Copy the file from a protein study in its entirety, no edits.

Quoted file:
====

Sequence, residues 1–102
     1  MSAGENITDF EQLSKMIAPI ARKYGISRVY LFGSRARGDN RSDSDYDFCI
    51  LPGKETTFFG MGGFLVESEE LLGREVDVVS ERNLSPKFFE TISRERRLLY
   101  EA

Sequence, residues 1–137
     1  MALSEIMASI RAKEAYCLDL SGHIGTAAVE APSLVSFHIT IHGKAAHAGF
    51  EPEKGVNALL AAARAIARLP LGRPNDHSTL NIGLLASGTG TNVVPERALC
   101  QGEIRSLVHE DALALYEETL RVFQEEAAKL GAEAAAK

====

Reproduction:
Sequence, residues 1–102
     1  MSAGENITDF EQLSKMIAPI ARKYGISRVY LFGSRARGDN RSDSDYDFCI
    51  LPGKETTFFG MGGFLVESEE LLGREVDVVS ERNLSPKFFE TISRERRLLY
   101  EA

Sequence, residues 1–137
     1  MALSEIMASI RAKEAYCLDL SGHIGTAAVE APSLVSFHIT IHGKAAHAGF
    51  EPEKGVNALL AAARAIARLP LGRPNDHSTL NIGLLASGTG TNVVPERALC
   101  QGEIRSLVHE DALALYEETL RVFQEEAAKL GAEAAAK